Looking back it was a good experience, but I do not know if it is because I am more mature now and have more responsibilities or it is the COVID-19 that has changed everything because Christmas certainly does not look like it used to be.

Yinka Akinbobola- Lagos

I would say Christmas changed for me with age. The older I got, the less exciting the activities and traditions that came with the season became. For example, while growing up, I looked forward to the annual family trip to my hometown. Now I don’t think I want to be on the road for that long or leave the city to celebrate Christmas at my village. As a child, I remember the “shout outs” and “season’s greetings” on TV, I don’t think they do this anymore. I also loved to hang decorations and set up the Christmas tree in the living room. Now I can’t remember the last time I heard or sang a Christmas song or carol. I also wonder what happened to “water parks” [a recreation park in ], I used to love going there. I wonder where kids go these days. I do not know if things changed or I am just older, but Christmas doesn’t feel like it used to be.

The pandemic also made things different this year. As an introvert, I prefer staying indoors and only go out when friends and family drag me out. Due to covid, this won’t be happening. I would most definitely be spending Christmas indoors with the family.

Ezekiel Bassey- Akwa Ibom

Growing up, I looked forward to Christmas as it was one of those periods I could wear fine clothes and shoes and work around aimlessly with the hope of getting compliments. I grew up in a home where things weren’t particularly great during my early years and meals like jollof rice and chicken were luxury. As a result, Christmas – not even my birthday, or the year I came first position three terms in a row – got me jollof rice. So yeah, it was quite a deal for me.

Another interesting event I looked forward to during the Christmas period was travelling by road to my village. My dad would charter a bus (when things started to get better) and take both my family as well as the workers from my mothers’ restaurant to the village. The initial excitement had always evaporated before we even got to Ore -Benin Highway as I would have slept and eaten several times already.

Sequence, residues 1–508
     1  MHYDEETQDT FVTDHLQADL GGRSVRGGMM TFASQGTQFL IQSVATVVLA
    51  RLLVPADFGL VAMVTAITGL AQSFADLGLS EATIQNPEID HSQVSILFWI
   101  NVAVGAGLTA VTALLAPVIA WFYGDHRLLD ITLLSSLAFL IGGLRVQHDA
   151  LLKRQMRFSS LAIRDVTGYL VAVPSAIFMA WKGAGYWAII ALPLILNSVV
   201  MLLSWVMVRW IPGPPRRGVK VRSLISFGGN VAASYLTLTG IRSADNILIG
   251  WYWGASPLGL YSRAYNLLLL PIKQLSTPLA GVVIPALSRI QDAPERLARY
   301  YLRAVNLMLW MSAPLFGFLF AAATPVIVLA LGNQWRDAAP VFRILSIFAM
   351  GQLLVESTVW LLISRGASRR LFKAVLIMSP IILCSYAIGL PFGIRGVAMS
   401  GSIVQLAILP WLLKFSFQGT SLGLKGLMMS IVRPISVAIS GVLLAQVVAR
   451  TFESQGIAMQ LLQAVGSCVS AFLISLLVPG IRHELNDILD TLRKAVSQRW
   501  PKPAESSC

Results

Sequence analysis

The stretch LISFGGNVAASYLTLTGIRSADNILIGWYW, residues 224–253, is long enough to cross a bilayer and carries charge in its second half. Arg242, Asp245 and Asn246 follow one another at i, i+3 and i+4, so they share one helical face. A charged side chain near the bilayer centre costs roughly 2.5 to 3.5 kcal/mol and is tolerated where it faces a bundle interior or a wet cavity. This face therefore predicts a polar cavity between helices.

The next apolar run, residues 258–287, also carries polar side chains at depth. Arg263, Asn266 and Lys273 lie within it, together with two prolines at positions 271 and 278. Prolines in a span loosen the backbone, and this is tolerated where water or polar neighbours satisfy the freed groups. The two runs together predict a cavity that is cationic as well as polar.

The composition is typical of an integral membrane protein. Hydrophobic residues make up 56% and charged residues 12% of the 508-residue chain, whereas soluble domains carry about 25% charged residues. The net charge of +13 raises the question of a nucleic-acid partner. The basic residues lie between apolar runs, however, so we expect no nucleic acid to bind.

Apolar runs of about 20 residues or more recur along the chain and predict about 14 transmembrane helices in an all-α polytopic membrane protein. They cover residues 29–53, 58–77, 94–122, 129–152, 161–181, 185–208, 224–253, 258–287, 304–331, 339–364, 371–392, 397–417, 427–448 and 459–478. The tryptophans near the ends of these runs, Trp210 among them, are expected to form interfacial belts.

Besides the occasional boredom that could be associated with village life, it was quite fun there. I was always amused by the simplicity. Unlike Lagos, there were no “banger” sounds, just peace and quiet. It was the kind where I sit on the foyer with my dad and raise hands in acknowledgement of teenagers that walk past the front of our house and say “sir” as a way of greeting, and my dad would respond “aba die”. 

You know how I mentioned how jollof rice was associated with Christmas at home? Well, that was in Lagos. In my hometown, Afaha Atai, we ate fufu and Afang or Atama soup at least twice a day. It was the type I watched the process of harvesting and conversion from cassava – high-quality stuff! 

The day we did rice, it was with bitter leaf soup. 

I guess all that has changed now. My parents would be celebrating Christmas but with the pandemic, I’m not sure I would be joining them. Plus, the whole ambience from where I currently stay in Lagos Mainland is sort of drab. Asides weekend plans I have made with my babe, nothing else dey oo.

But I’m still looking forward to a spark – the kind that is usually associated with my Christmas.

A family celebrating Christmas | Photo – Rachna Agrawal

Wemimo Odjede- Lagos/Delta

Christmas is always a memorable time for me and my family. Every year, we visit Delta for what we call a family affair. It is a time of reunion for me and my in-laws. My mother-in-law makes it a point to throw a party where she shares food while we enjoy the music. However, this year will be different. We will be observing the social distance rule by staying at home. Also, my mother-in-law will cook but this time, it will be dished out in take-away packs. There are always lots of weddings to attend but we will not be travelling this time. 

Abdullahi Baffah- Bauchi

During Salah, here in Bauchi, we share food and drinks. It is the same during Christmas for Christians. We also visit zoos as a tradition.

Just like the Salah, we didn’t celebrate it because of the COVID and it will be the same for Christmas. However, some of us here will resume attending our churches and mosques. I think one of the things that also makes me enjoy it is because I visit the farms during this time.